With four top 5 finishes in her last four World Cup series races, Erin Hamlin is sliding well heading into next month's Winter Olympics outside of Vancouver, British Columbia, Canada.
But as to the reasons for Hamlin's recent consistent streak? Her guess is as good as mine.
"I really couldn't I really couldn’t’ tell you," Hamlin said Wednesday during a conference call with U.S. Luge teammates in Oberhof, Germany.
"I feel good on the sled and my sliding has felt good, too. Everything has come together and I've got the rhythm of the track. My first runs have been very good runs. I've been able to focus on the nit-picky small things."
In World Cup races, Hamlin said sliders get six runs on a track before racing. With a good first run line, it allows her to look at details of a run rather than thinking only about just getting down the track.
Another year of experience might also be a factor, she said.
Hamlin's recent performance comes at a good time. There are two more World Cup races before the Olympics. This weekend, the U.S. lugers are in Oberhof and in Cesana, Italy Jan. 30-31.
"It feels good," she said. "It gives me less to worry about and I want to focus on the extra things that give you one-thousandth of a second. Being on a consistent streak, where I haven't been is nice."
Hamlin earned her second World Cup series medal last weekend with a third-place finish in Winterberg, Germany. The reigning women's World Champion also got on the podium earlier this season with a third place in Lillehammer, Norway for her first World Cup medal.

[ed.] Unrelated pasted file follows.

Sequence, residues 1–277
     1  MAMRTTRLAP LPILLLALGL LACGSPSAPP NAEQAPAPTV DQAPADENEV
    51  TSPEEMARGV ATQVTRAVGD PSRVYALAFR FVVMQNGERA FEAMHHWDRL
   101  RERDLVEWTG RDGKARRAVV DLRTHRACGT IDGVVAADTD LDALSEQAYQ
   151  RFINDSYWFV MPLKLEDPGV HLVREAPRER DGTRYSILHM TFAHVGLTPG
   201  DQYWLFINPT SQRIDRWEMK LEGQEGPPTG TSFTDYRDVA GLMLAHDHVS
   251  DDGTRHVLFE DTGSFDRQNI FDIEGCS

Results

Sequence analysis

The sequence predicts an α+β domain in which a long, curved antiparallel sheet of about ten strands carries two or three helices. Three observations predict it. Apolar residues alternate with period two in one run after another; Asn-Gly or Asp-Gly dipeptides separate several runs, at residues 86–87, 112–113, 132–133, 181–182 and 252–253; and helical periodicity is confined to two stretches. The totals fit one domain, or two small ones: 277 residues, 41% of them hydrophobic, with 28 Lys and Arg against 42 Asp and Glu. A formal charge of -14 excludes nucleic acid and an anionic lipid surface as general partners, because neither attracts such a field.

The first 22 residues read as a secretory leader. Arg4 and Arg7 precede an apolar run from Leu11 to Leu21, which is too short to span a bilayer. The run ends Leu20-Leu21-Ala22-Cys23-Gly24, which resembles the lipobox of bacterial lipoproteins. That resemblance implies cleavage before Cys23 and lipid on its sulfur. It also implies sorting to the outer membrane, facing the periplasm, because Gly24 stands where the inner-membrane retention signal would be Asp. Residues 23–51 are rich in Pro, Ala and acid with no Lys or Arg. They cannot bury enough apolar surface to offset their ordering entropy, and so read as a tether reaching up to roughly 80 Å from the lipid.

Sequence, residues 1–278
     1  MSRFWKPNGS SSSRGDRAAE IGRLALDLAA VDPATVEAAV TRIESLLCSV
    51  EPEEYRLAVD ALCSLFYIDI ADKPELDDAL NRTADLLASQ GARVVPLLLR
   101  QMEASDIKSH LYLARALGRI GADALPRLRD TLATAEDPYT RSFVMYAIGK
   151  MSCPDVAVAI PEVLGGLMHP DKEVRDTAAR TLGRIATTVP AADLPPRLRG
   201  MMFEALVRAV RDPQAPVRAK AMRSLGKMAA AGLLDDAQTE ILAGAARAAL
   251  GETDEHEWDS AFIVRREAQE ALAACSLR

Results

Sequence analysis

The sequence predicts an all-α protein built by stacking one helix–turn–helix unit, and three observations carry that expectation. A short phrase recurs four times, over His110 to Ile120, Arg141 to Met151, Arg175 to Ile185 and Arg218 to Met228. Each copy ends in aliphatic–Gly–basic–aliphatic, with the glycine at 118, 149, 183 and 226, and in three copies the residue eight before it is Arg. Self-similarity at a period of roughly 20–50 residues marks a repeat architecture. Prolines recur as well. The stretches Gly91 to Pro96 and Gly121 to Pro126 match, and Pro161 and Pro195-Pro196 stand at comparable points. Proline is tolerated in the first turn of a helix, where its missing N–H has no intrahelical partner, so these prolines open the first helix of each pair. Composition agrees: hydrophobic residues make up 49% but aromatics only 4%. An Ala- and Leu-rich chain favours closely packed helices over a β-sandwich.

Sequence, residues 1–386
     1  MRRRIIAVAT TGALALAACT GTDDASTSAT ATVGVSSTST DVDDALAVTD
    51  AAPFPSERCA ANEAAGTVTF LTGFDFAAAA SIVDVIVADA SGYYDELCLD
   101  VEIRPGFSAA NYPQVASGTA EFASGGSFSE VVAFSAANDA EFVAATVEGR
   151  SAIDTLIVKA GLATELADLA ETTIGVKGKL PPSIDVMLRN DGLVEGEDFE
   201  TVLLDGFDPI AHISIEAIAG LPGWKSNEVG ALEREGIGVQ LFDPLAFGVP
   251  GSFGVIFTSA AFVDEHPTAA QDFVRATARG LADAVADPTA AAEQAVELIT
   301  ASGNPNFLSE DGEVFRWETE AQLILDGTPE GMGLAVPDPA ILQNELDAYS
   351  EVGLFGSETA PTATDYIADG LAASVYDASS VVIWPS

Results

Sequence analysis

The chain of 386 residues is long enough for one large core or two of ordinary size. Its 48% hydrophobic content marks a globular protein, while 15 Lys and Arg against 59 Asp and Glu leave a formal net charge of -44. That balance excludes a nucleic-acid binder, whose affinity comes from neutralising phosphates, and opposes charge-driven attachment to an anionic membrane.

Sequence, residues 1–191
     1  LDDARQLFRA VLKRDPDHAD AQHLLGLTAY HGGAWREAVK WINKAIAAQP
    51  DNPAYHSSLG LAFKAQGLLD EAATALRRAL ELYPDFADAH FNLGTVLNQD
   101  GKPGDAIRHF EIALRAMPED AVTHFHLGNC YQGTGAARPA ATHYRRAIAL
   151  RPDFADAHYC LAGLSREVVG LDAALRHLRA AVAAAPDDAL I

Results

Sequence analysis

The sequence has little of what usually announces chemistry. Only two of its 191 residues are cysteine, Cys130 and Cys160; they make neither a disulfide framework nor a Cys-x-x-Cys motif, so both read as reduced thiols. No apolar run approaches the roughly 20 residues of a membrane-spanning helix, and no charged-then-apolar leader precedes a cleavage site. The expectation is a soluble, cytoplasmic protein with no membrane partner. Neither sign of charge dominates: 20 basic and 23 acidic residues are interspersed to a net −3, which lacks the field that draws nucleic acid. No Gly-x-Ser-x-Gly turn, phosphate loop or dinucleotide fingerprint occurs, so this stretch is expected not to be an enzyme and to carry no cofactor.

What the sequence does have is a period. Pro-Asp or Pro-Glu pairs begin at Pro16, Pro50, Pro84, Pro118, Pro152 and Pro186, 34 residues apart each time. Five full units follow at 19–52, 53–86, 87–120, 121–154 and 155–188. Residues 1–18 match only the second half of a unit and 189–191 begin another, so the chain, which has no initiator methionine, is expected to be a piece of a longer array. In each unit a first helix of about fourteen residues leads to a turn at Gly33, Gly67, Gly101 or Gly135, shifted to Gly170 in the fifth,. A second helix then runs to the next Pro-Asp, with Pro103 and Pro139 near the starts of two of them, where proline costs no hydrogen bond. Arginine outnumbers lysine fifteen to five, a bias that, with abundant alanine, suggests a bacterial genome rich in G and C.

The U.S. singles sliders arrive in Whistler on Feb. 9. The luge Olympic competition is Feb. 13-17 and the women's singles competition Feb. 15-16.
Hamlin has a good recent history at Whistler. She was fifth there in last year's final World Cup event.
For U.S. men's singles slider Tony Benshoof, of Minnesota, who was fourth at the 2006 Winter Olympics in Torino, Italy, the Whistler comes close to reaching the limit for speed.
"It's a tough track, no question," said Benshoof, USA Luge's singles leader in international medals. "The track is the the fastest in the world, hands down. There's no debating that."
The length of the men's track at the Whistler Sliding Centre is 4,507 feet to 3,930 feet for the women's track and the distance makes a difference.
"They're going at 60 miles per hour by the time we enter at curve 3," Hamlin said. "We don't pick up speed until curves, 9 to 11. It's still a challenge, it's very technical. I like it and enjoy a more technical track. The men, for sure, have it a little tougher. I'm glad I'm a girl."